More than 2,000 complaints regarding changes to women’s state pension age, which were closed due to a judicial review, could be reopened if there is no legal determination in this case, Guy Opperman has said.
FTAdviser reported in December that the Department for Work and Pensions (DWP) Independent Case Examiner’s (ICE) office was closing complaints about the changes in women's state pension age, because the matter had been taken to court.
But Mr Opperman noted the ICE could reopen the 2,505 cases which were closed as a result of the judicial review in the event it is not accepted.
He said this would be on the understanding that the matter is no longer subject of legal proceedings and there has been no legal determination on the issues which form the basis of the complaint to the ICE.
In a letter to Frank Field, chair of the Work and Pensions select committee, earlier this month the minister for pensions and financial inclusion said "in the event that the High Court makes no legal determinations in respect of the complaint regarding state pension age change, the department will review its position once more and consider lifting the suspension".
The judicial review, which has been set for May 24, also had an impact on the number of complaints that were rejected by the ICE – 1,598 cases - as they could not be accepted due to the ongoing judicial matter.
DWP has a two-tier process for formal complaints, which means once a complainant has exhausted the DWP process they are signposted to the ICE.
The ICE has been handling complaints about the increase of the women's state pension age to 65, which had led to the creation of the Women Against State Pension Inequality (Waspi) and Backto60 campaigns.
As FTAdviser reported in November, only a dozen of these cases had been accepted by the ICE in the previous seven months, due to a backlog in the system, as the government received thousands of grievances made by these women.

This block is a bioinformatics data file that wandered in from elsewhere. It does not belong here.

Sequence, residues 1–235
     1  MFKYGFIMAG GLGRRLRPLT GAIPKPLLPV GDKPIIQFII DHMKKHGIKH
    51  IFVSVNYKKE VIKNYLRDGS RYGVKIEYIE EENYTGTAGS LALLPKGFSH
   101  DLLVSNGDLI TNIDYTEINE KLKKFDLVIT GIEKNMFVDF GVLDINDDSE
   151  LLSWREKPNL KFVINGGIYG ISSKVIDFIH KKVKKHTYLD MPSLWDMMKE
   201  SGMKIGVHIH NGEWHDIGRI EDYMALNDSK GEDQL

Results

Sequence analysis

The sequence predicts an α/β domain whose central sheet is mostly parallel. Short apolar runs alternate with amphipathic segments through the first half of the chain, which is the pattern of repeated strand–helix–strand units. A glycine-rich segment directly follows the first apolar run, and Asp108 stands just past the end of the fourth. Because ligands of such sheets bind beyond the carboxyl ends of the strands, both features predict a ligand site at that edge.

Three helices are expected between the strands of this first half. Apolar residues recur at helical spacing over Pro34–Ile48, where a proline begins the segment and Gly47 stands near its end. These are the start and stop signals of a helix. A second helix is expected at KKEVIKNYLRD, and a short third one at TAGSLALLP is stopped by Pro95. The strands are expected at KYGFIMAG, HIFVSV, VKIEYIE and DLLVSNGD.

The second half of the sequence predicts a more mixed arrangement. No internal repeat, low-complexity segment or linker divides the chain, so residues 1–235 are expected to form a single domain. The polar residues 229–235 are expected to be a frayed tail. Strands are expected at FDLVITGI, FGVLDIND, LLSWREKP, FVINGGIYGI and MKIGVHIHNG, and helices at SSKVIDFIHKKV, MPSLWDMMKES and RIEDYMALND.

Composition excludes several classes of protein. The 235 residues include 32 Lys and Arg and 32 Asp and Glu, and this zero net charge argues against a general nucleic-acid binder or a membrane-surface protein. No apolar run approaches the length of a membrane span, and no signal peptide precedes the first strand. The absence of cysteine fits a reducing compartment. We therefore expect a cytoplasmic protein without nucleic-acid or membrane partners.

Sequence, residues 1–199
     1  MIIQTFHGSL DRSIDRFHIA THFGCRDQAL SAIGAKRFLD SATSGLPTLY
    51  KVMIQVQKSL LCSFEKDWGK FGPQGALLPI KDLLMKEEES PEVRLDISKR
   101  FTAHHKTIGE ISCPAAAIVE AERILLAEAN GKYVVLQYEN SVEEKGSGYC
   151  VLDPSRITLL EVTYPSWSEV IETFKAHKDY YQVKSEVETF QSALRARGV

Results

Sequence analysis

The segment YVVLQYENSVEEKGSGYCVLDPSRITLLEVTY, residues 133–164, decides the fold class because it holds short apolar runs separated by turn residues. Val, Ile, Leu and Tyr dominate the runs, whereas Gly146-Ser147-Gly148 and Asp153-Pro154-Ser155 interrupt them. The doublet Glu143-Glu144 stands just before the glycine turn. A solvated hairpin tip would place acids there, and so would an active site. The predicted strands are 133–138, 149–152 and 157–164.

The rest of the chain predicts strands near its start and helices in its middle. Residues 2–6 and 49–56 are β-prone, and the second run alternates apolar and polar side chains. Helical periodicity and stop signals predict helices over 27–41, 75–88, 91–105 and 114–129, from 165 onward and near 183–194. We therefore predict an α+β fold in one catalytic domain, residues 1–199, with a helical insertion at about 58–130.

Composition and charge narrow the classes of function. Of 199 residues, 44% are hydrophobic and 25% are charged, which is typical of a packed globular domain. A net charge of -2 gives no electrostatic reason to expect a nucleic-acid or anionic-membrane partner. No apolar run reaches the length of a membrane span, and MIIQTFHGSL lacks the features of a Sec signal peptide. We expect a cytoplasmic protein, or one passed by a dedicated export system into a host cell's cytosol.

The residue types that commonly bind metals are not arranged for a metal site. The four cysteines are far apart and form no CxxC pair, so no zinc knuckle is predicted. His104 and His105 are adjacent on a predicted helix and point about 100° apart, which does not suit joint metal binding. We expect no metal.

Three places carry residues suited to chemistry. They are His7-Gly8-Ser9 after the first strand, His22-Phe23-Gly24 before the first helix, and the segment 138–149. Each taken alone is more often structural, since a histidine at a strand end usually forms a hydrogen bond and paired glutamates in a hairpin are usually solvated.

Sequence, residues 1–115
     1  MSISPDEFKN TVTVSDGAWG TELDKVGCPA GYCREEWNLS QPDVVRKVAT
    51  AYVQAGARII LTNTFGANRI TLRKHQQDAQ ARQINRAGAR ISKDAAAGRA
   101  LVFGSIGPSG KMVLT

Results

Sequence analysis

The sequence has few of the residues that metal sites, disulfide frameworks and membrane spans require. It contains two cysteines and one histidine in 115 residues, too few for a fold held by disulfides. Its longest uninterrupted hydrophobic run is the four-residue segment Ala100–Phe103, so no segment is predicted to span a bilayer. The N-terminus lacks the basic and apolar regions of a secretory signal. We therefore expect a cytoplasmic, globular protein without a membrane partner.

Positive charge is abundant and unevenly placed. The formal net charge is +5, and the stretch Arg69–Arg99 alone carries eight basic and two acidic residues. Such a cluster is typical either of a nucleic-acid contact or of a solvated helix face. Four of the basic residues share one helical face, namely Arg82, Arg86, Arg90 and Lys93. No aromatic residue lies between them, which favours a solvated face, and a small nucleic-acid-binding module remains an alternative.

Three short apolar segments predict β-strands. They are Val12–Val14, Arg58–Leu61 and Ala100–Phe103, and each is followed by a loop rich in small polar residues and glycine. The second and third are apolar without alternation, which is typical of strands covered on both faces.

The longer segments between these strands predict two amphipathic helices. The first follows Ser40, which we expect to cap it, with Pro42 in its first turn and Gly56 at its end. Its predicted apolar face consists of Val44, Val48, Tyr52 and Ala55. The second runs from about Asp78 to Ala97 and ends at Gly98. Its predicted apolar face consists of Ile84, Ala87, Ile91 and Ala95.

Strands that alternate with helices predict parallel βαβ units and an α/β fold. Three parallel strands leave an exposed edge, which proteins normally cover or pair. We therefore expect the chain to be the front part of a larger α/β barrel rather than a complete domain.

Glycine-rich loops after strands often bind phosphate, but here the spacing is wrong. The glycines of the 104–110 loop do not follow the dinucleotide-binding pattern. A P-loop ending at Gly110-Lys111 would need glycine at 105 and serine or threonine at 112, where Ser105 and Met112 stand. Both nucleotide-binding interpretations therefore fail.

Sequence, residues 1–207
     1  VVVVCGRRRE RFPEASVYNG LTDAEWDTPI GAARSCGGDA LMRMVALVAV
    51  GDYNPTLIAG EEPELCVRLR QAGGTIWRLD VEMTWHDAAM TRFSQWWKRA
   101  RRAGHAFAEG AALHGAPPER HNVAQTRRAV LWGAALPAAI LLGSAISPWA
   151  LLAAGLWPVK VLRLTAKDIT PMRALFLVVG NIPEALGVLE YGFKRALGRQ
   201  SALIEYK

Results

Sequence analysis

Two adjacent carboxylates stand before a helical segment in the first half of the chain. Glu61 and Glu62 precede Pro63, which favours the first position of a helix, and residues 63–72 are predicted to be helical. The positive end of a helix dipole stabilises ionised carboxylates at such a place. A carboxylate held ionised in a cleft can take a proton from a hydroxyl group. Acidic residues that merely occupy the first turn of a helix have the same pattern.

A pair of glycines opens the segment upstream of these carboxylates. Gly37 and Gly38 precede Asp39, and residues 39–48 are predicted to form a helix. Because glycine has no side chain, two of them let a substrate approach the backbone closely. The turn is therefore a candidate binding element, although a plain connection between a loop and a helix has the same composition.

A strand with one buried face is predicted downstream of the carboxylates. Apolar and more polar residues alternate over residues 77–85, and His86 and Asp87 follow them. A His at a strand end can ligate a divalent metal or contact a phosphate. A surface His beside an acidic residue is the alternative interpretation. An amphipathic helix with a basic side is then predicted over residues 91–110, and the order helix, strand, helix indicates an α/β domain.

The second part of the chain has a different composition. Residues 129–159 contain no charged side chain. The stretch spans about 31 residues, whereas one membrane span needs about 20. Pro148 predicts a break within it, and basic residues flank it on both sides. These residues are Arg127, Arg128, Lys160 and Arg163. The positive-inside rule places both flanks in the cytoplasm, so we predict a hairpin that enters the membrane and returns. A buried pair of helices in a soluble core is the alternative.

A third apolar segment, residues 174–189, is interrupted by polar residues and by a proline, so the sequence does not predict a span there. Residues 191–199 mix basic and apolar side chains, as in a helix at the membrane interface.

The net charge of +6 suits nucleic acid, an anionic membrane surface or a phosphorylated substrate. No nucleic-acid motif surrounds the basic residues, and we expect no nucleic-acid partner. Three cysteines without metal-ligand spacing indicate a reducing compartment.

In November, it was revealed that Backto60 has been granted permission to file a judicial review at the Royal Courts of Justice.
A judicial review is a court proceeding in which a judge considers the lawfulness of a decision or action made by a public body. It can't be filed directly; the court needs to be asked for permission first.
Backto60, which claims to have 738,000 supporters, is being supported by a legal team led by renowned civil rights barrister Michael Mansfield.
The group is requesting the state pension age should be returned to 60 for women born in the 1950s, but such a decision would cost £77bn and has previously been dismissed by the government.
Both Backto60 and Waspi claim when the 1995 Conservative government's Pension Act included plans to increase the women's state pension age to 65 – the same as men's – the changes were implemented unfairly, with little or no personal notice.
The movements also claim the changes were implemented faster than promised with the 2011 Pension Act, and had left women with no time to make alternative plans, leading to devastating consequences.